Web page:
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Oh, and he’s so, so, so very funny. If you have yet to watch a Keaton film, I strongly suggest starting out with what many consider to be his masterpiece, “The General”.  Though, “Steamboat Bill, Jr” remains my favorite.

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Elizabeth

I have a confession.

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I haven’t actually watched a lot of Elizabeth Taylor’s movies.  I’ve seen “National Velvet”, “Who’s Afraid of Virginia Woolf?” (amazing performance), “Cat On a Hot Tin Roof”, “Father of the Bride” and “Father’s Little Dividend”, and the 1943 “Jane Eyre” where she plays Helen.  That’s not a lot of her films, when you consider her life’s work.

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However, Elizabeth Taylor was always known to me.  How, I’m not sure.  Maybe it was being a child of the 80s–she was always seen in pictures with those childhood favorites of mine (Michael Jackson, Madonna, etc).  She was just always there.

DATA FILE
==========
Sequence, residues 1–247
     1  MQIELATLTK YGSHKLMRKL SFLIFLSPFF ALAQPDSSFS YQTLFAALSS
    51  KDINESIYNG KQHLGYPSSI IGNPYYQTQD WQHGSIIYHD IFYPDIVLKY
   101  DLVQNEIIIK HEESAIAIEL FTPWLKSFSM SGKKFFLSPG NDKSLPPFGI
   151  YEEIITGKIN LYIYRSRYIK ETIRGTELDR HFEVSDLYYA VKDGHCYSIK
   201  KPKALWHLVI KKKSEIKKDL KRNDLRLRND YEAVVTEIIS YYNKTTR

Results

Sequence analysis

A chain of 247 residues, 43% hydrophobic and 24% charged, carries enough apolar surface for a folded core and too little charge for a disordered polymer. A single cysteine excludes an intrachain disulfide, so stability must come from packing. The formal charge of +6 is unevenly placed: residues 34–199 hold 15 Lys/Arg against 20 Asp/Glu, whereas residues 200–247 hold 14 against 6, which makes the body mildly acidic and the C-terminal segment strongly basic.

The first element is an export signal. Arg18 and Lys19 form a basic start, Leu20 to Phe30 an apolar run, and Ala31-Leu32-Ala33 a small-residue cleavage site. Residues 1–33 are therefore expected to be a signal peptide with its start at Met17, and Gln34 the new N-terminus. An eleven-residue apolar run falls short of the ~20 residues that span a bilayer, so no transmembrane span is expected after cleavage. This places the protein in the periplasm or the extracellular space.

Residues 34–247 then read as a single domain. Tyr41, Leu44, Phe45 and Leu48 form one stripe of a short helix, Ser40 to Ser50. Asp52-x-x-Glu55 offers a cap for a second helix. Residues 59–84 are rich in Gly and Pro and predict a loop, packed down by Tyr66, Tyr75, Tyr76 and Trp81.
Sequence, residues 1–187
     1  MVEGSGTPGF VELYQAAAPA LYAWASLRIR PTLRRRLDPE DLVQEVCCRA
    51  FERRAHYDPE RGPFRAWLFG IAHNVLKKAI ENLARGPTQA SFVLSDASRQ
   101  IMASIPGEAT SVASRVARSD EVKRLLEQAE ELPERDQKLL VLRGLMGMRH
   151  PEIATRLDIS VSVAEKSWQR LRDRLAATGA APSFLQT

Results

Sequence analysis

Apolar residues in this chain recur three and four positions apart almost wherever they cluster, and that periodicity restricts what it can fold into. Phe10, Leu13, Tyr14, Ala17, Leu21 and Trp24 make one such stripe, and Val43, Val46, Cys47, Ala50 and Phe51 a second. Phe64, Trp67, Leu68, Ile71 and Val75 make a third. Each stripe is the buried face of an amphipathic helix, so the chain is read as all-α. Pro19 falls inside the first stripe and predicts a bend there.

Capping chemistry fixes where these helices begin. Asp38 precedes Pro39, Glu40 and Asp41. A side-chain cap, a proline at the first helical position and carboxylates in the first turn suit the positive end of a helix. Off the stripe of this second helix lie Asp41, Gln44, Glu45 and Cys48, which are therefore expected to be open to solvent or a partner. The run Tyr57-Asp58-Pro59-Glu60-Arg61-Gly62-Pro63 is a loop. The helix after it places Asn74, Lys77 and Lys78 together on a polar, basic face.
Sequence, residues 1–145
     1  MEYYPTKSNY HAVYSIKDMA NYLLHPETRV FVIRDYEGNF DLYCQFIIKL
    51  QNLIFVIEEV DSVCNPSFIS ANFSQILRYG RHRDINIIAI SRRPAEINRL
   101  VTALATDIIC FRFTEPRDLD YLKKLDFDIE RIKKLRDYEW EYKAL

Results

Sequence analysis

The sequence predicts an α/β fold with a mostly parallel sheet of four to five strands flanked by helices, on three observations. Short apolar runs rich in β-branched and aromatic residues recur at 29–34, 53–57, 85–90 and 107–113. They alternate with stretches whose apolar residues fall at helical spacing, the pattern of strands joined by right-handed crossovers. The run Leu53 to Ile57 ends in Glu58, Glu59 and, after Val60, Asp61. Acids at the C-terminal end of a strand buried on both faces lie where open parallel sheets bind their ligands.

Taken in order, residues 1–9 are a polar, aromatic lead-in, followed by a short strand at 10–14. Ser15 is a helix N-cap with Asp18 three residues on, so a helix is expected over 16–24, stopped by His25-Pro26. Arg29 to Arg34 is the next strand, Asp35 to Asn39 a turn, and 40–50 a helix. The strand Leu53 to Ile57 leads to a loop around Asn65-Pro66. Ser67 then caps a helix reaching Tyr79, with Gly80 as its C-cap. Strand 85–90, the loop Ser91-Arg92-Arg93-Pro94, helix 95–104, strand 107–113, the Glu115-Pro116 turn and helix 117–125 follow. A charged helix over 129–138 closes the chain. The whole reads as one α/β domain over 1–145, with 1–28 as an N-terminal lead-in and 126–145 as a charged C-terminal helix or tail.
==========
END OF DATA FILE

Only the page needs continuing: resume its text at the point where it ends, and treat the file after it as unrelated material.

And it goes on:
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And I could never take my eyes off of her.

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Love her, hate her, think she’s a genius, or a crazy person, you can’t deny–she has your attention when she’s on screen.

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It’s not just that she is, in my opinion, one of the most beautiful people I’ve ever seen.  It’s not just those eyes (those eyes!).

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She has that certain something.  That something you can’t put into words, you can’t put your finger on.  You just know it when you see it.

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She always seemed like a good soul to me.  She seemed to truly love and care for those around her, and to truly want to make a difference.